I have to boil this down to the simplest terms possible because responding in their own language, with veiled references to the scary #BlackLivesMatter movement, makes me want to lose my mind. Despite constituting the most significant right-wing/conservative acknowledgment of urban migration since Joel Kotkin’s screeds, it was clearly written from a suburban perspective. See the lead-off:

Re-Suburbanization?

The premise is this: Gentrification is a function of safety and nothing else. On its own, this treatise is reasonable enough, although I don’t completely agree. I think there are cultural factors that are even stronger, and I think moderate improvements in safety were the vanguard, while it took a virtuous cycle cemented by gentrification to bring urban crime down to where it is now. I am willing to overlook all of that, however, as mere details.

As we have seen, gentrification is a function of safety; the young and the restless might be up for a little yeasty adventure in the big town, but they don’t wish to be mugged or murdered—that’s taking the urban experience too far.  So we can say: Where there is no public safety, there is no urban renaissance.   -James P. Pinkerton, Breitbart.com

So I guess for those of us on this yeasty adventure, whatever the %$#! that means, Breitbart has some advice for us: It was fun, but it’s over, and now’s the time to throw in the rag and come back to the suburbs.

In fact they state that we are seeing the emergence of a third migratory wave, “Re-Suburbanization.” No, not right now. But it will happen, as soon as all those urban lovebirds see what they see.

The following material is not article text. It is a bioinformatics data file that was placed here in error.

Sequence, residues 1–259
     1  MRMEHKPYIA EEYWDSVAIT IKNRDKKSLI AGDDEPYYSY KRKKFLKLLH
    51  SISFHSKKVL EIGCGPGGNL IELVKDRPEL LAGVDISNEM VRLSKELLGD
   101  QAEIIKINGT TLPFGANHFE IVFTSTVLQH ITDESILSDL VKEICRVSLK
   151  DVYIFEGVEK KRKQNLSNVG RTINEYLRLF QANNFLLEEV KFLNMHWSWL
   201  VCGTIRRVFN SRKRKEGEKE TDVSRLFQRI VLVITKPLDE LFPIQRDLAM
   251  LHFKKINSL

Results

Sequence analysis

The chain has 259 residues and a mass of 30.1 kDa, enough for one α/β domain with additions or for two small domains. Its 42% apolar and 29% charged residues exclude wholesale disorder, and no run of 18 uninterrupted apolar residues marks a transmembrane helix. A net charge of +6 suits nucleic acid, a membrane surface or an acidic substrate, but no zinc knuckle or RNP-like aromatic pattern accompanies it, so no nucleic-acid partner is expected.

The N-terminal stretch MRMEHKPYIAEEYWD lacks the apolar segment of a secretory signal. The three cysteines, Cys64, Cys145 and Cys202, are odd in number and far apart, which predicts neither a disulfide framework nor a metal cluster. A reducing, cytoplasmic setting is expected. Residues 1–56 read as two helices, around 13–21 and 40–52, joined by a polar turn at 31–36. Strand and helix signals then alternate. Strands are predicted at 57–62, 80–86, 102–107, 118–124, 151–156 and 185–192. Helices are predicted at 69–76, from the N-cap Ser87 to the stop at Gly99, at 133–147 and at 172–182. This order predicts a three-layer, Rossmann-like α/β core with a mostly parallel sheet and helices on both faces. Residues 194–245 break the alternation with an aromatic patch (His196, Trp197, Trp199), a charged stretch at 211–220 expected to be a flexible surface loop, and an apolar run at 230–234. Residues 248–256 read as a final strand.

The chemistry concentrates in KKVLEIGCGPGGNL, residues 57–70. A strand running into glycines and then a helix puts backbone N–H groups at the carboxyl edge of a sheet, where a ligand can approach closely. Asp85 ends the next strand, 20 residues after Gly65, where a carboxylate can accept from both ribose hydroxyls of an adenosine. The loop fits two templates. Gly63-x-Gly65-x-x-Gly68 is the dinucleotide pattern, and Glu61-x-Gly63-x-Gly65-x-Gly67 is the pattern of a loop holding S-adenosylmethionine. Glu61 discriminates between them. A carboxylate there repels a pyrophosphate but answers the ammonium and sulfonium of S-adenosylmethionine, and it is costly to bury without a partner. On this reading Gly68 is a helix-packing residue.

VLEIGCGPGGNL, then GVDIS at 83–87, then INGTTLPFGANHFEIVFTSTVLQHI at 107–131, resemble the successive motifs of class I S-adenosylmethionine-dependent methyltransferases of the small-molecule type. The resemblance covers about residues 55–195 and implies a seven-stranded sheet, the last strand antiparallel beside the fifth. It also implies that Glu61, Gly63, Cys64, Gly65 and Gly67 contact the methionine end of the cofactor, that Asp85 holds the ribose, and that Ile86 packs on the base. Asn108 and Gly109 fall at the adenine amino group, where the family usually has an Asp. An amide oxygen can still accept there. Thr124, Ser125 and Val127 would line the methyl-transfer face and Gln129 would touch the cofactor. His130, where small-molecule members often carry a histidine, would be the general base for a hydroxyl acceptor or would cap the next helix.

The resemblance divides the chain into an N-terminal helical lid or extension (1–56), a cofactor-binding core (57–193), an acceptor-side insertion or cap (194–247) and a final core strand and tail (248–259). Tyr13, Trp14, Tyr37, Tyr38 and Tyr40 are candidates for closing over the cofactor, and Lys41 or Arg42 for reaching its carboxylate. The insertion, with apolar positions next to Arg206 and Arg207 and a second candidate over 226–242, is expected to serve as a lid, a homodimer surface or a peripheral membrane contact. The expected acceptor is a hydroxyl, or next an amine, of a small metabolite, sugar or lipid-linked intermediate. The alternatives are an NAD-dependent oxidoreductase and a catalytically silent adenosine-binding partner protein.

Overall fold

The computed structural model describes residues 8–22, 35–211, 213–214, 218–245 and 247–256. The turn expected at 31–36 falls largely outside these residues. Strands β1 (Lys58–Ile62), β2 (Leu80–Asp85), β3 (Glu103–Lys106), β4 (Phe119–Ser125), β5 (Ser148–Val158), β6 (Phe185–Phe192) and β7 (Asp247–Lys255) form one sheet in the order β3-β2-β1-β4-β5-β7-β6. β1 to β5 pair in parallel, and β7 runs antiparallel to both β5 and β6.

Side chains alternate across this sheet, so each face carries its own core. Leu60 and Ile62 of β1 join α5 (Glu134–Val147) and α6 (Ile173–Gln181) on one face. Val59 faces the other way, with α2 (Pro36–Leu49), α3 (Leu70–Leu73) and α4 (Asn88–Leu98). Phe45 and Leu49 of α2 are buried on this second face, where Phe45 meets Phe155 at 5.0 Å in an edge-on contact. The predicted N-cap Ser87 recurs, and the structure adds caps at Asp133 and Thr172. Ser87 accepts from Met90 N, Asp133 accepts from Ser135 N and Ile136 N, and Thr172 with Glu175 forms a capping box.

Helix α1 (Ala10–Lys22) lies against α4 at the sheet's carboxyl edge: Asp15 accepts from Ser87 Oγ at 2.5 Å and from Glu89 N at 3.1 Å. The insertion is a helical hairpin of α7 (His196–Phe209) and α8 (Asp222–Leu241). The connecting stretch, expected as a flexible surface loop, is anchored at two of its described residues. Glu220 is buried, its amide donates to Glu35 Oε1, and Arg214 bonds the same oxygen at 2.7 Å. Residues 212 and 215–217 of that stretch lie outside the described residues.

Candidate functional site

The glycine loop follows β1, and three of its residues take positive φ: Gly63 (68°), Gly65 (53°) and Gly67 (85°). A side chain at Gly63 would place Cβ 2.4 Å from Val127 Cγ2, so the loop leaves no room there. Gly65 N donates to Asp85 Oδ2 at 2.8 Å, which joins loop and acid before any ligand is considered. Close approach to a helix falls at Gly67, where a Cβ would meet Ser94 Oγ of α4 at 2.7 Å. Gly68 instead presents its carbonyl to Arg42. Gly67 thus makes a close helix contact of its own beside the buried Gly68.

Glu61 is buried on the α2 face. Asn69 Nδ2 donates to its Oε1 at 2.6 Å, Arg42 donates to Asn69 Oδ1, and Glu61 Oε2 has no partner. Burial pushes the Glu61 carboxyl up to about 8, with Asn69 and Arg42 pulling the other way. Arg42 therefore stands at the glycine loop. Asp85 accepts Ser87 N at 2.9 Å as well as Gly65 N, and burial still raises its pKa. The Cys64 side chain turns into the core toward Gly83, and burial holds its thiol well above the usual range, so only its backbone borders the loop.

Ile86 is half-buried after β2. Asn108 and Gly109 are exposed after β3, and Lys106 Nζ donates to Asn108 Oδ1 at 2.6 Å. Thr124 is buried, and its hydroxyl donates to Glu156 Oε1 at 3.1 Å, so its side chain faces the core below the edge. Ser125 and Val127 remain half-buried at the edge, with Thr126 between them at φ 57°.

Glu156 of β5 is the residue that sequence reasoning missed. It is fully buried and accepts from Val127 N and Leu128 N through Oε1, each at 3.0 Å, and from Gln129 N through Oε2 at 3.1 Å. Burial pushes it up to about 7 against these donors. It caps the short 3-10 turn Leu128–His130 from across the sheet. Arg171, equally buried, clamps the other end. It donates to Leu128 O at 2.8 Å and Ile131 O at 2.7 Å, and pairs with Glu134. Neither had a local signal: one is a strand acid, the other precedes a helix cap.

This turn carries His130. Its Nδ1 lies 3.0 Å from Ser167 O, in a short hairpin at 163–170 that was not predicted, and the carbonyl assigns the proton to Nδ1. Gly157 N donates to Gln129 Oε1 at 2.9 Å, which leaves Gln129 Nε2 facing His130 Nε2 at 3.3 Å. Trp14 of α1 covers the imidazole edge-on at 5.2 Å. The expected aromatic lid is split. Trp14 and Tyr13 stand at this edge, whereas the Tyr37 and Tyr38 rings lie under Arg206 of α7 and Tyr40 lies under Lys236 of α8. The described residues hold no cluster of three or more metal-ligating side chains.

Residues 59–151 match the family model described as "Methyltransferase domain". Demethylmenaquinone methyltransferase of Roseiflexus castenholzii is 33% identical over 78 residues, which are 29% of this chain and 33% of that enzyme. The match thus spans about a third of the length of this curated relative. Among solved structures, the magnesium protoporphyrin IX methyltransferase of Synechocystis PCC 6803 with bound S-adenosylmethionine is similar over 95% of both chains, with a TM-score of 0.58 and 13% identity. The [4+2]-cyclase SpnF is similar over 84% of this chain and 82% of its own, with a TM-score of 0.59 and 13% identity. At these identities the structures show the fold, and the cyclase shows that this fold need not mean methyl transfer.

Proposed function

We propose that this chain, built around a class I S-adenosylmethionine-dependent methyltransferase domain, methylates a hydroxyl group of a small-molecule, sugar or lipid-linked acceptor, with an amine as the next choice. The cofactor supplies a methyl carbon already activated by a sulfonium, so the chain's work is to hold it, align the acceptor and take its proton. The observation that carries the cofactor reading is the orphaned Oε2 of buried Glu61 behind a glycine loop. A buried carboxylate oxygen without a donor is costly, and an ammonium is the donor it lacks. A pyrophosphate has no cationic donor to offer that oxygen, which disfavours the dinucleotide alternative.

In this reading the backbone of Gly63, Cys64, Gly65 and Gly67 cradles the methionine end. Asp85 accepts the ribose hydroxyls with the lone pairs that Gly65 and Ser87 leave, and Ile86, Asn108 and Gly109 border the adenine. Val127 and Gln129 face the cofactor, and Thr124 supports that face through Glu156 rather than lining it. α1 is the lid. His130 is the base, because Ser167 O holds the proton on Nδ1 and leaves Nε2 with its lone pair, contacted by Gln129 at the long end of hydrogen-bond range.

The assertion that this will happen hinges on the emergence of BLM and a perceived backlash against “broken windows” policing. “Broken windows” policing is pro-active policing that goes after early signs of trouble, rather than reacting once it’s too late. I am supportive of this. So too are most urbanites.

The section on the “broken windows” backlash is mysteriously devoid of links or evidence to back up the claim against the backlash, except for one: a linked article in which Martin O’Malley’s 1999 Baltimore mayor campaign pledged “zero tolerance” against petty crime. That proves it! Especially because O’Malley clearly has the Democratic party apparatus under his thumb.

Conveniently Forgotten Details

Yes, “broken windows” policing is a thing. Breitbart is correct that it works, but they are wrong that there is a backlash against it. It is however true that policing is in a state of transition, as superior police departments (not all police departments are the same) are naturally honing their police tactics to today’s context and challenges. This is where we are seeing the emergence of community policing.